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While reading “the classics” is never a bad idea, most people read newer books.  However, a middle-age book can also give a refreshing perspective.  I just finished Lethal Passage:  The Story of a Gun, written by Erik Larson and published in 1995.  It was recommended to me by a good British friend who struggles to understand the love affair that Americans have with guns.

In many respects, the book is just as current as a new one published today.  It cites endless examples of pointless shootings and meaningless deaths.  The difference is that the author looks at one particular shooting, coincidently in my hometown of Virginia Beach, by a 16-year-old and then he traces the history of the gun that was used, which was surprising short.  Our 16-year-old shooter got a relative to purchase the gun for him from a Federally-licensed-gun-dealer about 90 minutes away.

There are many anecdotal stories in the book, but the most important was probably about the National Rifle Association (NRA) which was organized in 1871 to sharpen and maintain marksmanship skills.  In 1977, it was taken over by a convicted murderer, Harlon Carter, who lurched the NRA to the right and molded it into the powerful lobbying organization that we all know and fear.  Another surprising factoid about the NRA is that their membership has historically supported additional gun regulation, but their membership is constantly changing and flows thru the organization without staying.  It is controlled by hardcore “life members”.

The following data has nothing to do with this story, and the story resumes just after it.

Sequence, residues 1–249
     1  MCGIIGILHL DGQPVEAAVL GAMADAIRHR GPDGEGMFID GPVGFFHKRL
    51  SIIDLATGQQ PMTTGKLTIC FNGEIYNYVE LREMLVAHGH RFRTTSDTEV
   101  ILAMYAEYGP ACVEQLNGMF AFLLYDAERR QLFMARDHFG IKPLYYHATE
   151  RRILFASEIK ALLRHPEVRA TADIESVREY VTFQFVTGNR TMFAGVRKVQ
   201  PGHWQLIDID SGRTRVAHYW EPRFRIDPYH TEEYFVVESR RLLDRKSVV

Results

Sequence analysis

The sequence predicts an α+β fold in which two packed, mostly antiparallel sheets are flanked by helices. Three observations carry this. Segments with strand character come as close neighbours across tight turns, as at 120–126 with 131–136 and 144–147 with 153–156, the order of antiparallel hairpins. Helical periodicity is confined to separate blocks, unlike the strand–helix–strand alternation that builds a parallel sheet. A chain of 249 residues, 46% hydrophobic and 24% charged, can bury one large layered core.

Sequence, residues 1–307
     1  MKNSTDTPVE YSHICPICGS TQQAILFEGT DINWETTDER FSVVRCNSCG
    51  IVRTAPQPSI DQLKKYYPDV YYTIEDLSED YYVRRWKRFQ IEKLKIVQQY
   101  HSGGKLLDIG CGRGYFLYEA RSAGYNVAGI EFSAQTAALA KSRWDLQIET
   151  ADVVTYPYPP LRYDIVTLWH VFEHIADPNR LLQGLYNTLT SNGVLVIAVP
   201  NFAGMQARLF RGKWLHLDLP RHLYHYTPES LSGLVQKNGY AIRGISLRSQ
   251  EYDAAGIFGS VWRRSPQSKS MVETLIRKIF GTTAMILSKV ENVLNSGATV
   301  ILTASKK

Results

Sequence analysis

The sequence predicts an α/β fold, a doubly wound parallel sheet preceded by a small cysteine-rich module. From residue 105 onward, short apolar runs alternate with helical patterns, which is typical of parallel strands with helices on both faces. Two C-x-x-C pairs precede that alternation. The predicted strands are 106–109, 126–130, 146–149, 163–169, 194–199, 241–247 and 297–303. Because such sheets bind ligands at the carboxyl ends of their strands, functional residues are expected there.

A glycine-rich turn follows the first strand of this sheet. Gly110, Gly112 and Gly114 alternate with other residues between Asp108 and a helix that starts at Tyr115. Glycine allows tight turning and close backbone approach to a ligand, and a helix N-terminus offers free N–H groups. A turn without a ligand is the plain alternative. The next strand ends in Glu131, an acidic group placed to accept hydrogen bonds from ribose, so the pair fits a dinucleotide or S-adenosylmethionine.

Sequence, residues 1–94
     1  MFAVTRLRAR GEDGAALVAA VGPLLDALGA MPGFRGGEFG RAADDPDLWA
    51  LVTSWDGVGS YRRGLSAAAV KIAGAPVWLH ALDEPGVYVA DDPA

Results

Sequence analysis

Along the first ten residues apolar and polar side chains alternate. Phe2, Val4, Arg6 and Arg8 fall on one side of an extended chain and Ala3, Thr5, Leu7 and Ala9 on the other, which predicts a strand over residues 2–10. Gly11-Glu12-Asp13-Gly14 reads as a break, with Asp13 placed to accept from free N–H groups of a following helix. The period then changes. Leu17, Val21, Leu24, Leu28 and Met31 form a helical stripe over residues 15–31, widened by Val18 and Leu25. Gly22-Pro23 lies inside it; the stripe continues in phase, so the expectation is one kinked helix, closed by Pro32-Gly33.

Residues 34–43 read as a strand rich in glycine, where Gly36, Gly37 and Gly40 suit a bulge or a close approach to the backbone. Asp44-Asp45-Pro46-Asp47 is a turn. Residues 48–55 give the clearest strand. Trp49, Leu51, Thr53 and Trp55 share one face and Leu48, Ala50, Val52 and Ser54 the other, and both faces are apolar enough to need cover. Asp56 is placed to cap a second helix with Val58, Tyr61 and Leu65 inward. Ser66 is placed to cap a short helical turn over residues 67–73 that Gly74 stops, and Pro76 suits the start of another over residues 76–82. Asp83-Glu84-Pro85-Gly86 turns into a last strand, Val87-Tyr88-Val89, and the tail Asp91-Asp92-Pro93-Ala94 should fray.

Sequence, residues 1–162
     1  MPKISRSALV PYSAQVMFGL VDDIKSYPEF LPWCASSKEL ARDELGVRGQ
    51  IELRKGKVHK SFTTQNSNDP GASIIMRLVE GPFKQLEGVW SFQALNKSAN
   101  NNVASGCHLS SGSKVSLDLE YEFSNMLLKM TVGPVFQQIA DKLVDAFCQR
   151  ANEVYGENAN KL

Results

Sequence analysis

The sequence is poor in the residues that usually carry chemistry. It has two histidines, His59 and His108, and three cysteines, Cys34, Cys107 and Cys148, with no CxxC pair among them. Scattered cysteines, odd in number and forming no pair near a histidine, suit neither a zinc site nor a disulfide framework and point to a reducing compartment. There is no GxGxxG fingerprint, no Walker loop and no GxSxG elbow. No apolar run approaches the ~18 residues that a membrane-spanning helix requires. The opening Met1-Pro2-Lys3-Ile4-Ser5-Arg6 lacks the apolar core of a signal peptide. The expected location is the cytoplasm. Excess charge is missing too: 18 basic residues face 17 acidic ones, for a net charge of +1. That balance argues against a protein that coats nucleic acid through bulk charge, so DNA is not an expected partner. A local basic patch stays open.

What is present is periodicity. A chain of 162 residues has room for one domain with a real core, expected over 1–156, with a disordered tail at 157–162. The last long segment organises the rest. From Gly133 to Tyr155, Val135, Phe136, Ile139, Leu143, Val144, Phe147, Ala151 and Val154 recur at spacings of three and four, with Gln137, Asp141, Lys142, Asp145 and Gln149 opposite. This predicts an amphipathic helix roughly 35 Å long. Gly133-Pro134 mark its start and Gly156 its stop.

The author concludes with proposed legislation, some of which are (1) Require real regulation of licensed-gun-dealers, limiting them to having real businesses with physical addresses that are inspected annually and requiring them to actually take a course in gun regulation, (2) Instead of 50 jurisdictions with competing and confusing rules, create one governing authority, to reduce conflicting rules, (3) Get one clarifying case before the Supreme Court, which has already confused the issue and compromised our safety, (4) Support the Alcohol Tobacco & Firearms department (ATF) agents, which are currently handcuffed, and (5) Require gun-buyers to actually pass a course in gun safety.

Although I worship at the altar of capitalism, my perspective is that we have too much of it in the gun business.  The gun manufacturers own the NRA and the NRA owns elected “leaders”.  We also had too much capitalism in the opioid business and look what happened there.



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